The Ordinary – A Portable Feast

Nothing is more contrary to the modern notion of success than “Ordinary”.


Are phrases screamed in our ears every second from all directions. Ads, the shows we watch, the self-help books we read. They all make the grand claim that we can do better.

We can do better. I agree with them. I believe life is a constant state of growth and formation, and the more intentional we are, the better we grow. It’s like pruning the vine to make the tree stronger, to bear more fruit. But what about when our pruning efforts distract us from the root of that vine? When we spend more time trying to produce an excellent life rather than just living it?

I kept churning in my stomach as 2017 passed into memory, and 2018 came into all it’s pessimistic hopelessness (for me). A new year is often just a chance to under-perform last year, and so my childhood glee has faded dramatically. In an attempt to gain some hope, I have been seeking an epiphany of some kind, something to grant me a shred of anticipation for the new year.

I thought it hadn’t come.

But as I have awakened early these few mornings, it has continued to be a common theme. Value the Ordinary.

Aren’t those the stories we harken to? The nobody kid who becomes famous. The undiscovered diva who is just singing along in a choir. The business man who is at his last penny and discovers the great solution to a problem. Why are we all so completely enamored with Warren Buffett? He’s an ordinary man doing extraordinary things.

And that’s the right order, albeit a counterintuitive one. Much like a golf swing, when you try too hard to crush it, you enhance your slice or fade, but when you swing easy, the errors soften and while the ball may not be perfectly straight, you’re in the left or right of the fairway, not in the river. That seems a better place from which to learn the game and improve. Buffett prioritized the ordinary. So when he achieved something grand, it didn’t ruin him like it does so many. It was a byproduct of his life. Something almost irrelevant to his focus. There’s something reassuring about a personality like that because it’s not riding the wave of fad. It doesn’t get hyped and then flop. It doesn’t care whether it’s a star or not, in fact, people like Buffett may rather be forgotten for a little while.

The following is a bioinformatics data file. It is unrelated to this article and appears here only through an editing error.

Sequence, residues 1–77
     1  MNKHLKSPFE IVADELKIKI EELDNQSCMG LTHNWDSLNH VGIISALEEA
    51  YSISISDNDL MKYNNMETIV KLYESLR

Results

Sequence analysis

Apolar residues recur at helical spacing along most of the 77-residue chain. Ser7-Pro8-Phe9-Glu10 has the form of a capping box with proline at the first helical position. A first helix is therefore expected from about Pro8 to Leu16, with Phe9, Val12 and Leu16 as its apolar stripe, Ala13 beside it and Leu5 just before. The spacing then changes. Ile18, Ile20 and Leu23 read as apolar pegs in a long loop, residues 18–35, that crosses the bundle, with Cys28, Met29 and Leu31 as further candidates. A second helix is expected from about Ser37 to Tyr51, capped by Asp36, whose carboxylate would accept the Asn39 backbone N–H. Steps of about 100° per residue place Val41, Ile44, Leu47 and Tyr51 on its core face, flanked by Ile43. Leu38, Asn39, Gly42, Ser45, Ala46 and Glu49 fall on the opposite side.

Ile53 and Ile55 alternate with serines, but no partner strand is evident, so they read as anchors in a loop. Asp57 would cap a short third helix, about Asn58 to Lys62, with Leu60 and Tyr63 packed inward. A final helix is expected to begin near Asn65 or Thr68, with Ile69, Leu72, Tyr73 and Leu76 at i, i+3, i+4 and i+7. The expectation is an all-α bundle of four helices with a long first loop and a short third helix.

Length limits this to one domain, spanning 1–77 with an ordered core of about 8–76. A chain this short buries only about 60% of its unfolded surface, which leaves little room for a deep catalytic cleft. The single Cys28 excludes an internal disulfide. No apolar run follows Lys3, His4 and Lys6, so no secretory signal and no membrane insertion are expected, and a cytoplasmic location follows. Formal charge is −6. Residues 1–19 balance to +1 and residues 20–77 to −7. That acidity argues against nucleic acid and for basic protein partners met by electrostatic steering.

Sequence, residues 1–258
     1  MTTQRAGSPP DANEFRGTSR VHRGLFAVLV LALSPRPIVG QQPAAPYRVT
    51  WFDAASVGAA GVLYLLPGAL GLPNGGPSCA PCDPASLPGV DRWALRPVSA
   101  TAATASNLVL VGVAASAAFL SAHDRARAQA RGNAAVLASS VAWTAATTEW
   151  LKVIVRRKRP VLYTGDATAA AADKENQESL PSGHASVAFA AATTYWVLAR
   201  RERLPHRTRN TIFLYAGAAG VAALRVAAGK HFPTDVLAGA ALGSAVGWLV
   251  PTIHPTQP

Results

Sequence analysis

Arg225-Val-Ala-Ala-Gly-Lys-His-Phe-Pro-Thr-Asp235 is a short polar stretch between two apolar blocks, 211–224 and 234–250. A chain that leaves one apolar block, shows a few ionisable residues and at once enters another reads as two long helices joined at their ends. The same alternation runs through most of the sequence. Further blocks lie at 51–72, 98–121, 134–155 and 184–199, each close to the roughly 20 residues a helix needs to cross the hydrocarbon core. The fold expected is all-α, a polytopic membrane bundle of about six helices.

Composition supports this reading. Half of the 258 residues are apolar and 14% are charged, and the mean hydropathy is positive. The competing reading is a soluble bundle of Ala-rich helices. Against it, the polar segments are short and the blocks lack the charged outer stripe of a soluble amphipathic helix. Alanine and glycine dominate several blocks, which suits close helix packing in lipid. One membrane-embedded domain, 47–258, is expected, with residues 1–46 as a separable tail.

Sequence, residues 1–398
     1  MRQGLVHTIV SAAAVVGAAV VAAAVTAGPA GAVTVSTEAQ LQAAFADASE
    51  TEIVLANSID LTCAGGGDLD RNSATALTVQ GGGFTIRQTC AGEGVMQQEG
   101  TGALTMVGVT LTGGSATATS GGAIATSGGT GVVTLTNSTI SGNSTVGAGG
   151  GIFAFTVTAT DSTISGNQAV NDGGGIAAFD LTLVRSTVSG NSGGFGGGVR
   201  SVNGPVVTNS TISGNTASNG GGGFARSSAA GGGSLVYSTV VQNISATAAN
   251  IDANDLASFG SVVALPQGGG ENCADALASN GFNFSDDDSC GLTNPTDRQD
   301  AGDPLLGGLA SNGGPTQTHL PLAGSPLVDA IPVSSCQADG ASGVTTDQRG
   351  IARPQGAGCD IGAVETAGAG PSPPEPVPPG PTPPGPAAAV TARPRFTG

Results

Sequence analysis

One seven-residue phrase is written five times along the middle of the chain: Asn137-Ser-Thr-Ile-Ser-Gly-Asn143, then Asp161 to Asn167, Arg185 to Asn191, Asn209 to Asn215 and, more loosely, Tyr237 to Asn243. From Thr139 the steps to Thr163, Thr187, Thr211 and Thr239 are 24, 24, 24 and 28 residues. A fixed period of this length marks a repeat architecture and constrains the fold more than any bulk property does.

What does it look like to begin sinking deeper into the ordinary? Maybe it’s just taking stock of what you have and just using it while being grateful. Maybe it’s not shooting for some grand “grand success” and instead stretching yourself to serve the clients you already have with even more intention and clarity.It’s holding off on growing bigger in order to grow deeper. It may not be gratifying, it may not be cool, but it’s a long play.

Don’t hear me saying, “Check out” or “Be Lazy”. That’s not it at all. It’s just choosing wisely where you are putting your efforts. Do they all need to go into business or hobby-time or problem solving? Maybe it’s just re-budgeting some effort away from growing our own ego into something surrounding us. Spending some sweat on someone else’s dream rather than our own. Coming alongside someone with a vision and helping them with what they are pursuing, rather than constantly weighing out what you have to gain from them.

I don’t have an answer for what Ordinary may yield in a life like mine, but I can see what it has brought others. So for 2018, maybe it’s good to focus not so much on our ambition, but on our service. To become a little less and see who around us becomes more.

What would this idea of Ordinary change in your life today?

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